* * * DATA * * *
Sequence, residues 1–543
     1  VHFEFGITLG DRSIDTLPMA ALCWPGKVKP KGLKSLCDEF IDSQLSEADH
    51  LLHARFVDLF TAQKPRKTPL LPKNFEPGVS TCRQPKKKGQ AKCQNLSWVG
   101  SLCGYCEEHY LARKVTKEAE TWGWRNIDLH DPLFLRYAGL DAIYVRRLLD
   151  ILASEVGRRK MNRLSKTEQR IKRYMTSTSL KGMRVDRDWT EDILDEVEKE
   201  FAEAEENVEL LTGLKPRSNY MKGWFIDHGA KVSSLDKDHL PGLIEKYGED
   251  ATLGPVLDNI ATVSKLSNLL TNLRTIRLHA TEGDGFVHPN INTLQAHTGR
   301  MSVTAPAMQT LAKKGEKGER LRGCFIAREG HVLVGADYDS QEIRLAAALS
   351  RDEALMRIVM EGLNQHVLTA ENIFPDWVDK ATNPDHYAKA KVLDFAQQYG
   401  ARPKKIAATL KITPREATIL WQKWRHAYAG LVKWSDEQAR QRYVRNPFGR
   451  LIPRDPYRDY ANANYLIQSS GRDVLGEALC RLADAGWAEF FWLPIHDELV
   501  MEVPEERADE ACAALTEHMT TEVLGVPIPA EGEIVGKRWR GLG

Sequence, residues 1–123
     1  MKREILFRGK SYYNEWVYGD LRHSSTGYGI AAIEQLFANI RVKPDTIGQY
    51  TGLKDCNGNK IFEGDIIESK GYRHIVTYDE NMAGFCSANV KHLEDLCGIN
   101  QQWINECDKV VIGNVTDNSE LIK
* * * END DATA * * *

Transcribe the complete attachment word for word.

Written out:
Sequence, residues 1–543
     1  VHFEFGITLG DRSIDTLPMA ALCWPGKVKP KGLKSLCDEF IDSQLSEADH
    51  LLHARFVDLF TAQKPRKTPL LPKNFEPGVS TCRQPKKKGQ AKCQNLSWVG
   101  SLCGYCEEHY LARKVTKEAE TWGWRNIDLH DPLFLRYAGL DAIYVRRLLD
   151  ILASEVGRRK MNRLSKTEQR IKRYMTSTSL KGMRVDRDWT EDILDEVEKE
   201  FAEAEENVEL LTGLKPRSNY MKGWFIDHGA KVSSLDKDHL PGLIEKYGED
   251  ATLGPVLDNI ATVSKLSNLL TNLRTIRLHA TEGDGFVHPN INTLQAHTGR
   301  MSVTAPAMQT LAKKGEKGER LRGCFIAREG HVLVGADYDS QEIRLAAALS
   351  RDEALMRIVM EGLNQHVLTA ENIFPDWVDK ATNPDHYAKA KVLDFAQQYG
   401  ARPKKIAATL KITPREATIL WQKWRHAYAG LVKWSDEQAR QRYVRNPFGR
   451  LIPRDPYRDY ANANYLIQSS GRDVLGEALC RLADAGWAEF FWLPIHDELV
   501  MEVPEERADE ACAALTEHMT TEVLGVPIPA EGEIVGKRWR GLG

Sequence, residues 1–123
     1  MKREILFRGK SYYNEWVYGD LRHSSTGYGI AAIEQLFANI RVKPDTIGQY
    51  TGLKDCNGNK IFEGDIIESK GYRHIVTYDE NMAGFCSANV KHLEDLCGIN
   101  QQWINECDKV VIGNVTDNSE LIK